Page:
They have no idea what they're supposed to do with that. And so they end up just slapping random things on top of templates and it doesn't work. It creates this blah message where you get one thing and then there's this weird juxtaposition where all of a sudden you're now being pitched. And that's not really what good messaging should look like. Your research should act as discovery process of trying to seek to understand the current process of that org.

And so when I put prospect in front of you, if you're trying to maximize both the quality of content, the development of your sales reps and the volume of outbound going out the door, you should set up a workflow of you're going to go here, you're going to look there, you're going to go over this place. And with that, the idea is to understand what you're looking for, where you're looking for it, in what order you're going to go look for it, and knowing how to use all those pieces when they come together, which requires a lot of enablement, requires a lot of support.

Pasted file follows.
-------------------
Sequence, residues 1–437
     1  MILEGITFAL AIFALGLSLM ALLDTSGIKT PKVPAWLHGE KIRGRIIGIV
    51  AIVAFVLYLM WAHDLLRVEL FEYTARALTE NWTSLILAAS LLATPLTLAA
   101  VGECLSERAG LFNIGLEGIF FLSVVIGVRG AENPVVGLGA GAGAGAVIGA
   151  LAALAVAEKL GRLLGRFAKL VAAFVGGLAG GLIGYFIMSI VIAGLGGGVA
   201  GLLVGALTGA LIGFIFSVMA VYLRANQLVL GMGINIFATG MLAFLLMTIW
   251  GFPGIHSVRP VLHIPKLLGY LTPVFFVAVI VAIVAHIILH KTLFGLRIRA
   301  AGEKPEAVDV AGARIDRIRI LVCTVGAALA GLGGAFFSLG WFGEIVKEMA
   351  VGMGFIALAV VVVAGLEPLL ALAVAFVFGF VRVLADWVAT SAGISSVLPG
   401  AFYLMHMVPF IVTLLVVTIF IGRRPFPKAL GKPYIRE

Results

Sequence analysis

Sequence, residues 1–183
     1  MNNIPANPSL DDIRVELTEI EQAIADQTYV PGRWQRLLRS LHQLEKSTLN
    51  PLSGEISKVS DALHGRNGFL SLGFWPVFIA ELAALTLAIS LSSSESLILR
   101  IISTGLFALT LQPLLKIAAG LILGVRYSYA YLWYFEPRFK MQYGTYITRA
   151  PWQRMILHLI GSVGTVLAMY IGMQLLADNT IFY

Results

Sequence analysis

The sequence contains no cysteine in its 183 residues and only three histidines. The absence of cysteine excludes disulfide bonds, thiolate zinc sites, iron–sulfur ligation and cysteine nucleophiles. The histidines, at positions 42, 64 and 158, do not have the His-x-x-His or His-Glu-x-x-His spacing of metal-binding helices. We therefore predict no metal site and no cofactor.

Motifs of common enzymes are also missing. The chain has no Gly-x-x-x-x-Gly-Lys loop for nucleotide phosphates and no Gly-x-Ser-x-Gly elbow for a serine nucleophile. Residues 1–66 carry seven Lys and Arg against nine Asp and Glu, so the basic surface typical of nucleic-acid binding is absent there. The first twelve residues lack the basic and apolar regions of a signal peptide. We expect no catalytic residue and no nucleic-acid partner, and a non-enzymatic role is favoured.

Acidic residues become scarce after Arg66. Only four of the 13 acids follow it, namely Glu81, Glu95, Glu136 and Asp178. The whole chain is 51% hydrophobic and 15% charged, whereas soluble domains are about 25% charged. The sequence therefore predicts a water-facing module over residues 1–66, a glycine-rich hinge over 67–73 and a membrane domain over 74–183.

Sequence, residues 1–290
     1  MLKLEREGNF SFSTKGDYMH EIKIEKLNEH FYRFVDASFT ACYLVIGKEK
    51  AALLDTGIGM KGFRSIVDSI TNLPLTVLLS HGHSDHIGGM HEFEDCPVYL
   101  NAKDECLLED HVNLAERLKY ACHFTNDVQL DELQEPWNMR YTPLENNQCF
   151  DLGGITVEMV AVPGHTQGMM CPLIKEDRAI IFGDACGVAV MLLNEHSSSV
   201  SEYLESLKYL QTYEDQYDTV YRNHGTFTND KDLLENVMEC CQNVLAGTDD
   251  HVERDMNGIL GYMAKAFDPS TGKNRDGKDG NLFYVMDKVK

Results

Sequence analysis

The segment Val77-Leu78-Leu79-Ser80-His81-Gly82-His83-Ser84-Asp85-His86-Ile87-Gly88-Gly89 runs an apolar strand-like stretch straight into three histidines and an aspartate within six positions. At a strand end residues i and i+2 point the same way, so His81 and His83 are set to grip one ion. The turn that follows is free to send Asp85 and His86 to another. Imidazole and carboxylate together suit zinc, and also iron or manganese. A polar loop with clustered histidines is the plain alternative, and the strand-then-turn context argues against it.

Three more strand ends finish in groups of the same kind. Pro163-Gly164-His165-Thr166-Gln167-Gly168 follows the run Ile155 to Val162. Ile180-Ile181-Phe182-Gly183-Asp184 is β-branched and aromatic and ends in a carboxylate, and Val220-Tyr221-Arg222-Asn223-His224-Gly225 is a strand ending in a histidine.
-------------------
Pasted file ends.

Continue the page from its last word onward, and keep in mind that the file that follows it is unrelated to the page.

We view what we've built in our tooling as ways to speed up the process. But that thinking, how those things come together, that still in a way needs to be on management and it needs to be on the reps in their own path to becoming better sellers. There's something good that comes out of the friction, which sounds weird for somebody who runs a tech company to say, because in reality, as a product develops, we will try to reduce friction and people's workflows, but there's something good about that struggle from learning that makes things down the line just a little bit better.

So I think about my use of generative AI versus a net new rep. For me, generative AI slows me down. I end up just having to edit the crap out of whatever it produces and it's just a waste of my time. So I'd much rather write it myself.

So I understand the value prop of, it'll generate something for you and you don't have to worry about it, but the problem is you're putting a ceiling on your development and your growth because you're never figuring out how to go past that. And so great, you found the easy button, but if management sets people up the right way, they've got such a higher trajectory that they can go to.